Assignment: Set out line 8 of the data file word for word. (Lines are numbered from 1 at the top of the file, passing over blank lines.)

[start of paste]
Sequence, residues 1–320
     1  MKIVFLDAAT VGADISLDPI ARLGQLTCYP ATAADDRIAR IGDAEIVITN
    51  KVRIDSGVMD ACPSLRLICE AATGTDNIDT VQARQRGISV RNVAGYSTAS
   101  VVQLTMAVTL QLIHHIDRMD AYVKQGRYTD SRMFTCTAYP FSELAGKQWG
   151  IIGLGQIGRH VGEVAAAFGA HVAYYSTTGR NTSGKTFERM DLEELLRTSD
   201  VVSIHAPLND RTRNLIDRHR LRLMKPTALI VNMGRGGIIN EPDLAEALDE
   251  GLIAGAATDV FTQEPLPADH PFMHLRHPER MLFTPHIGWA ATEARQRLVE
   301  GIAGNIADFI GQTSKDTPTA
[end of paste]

   301  GIAGNIADFI GQTSKDTPTA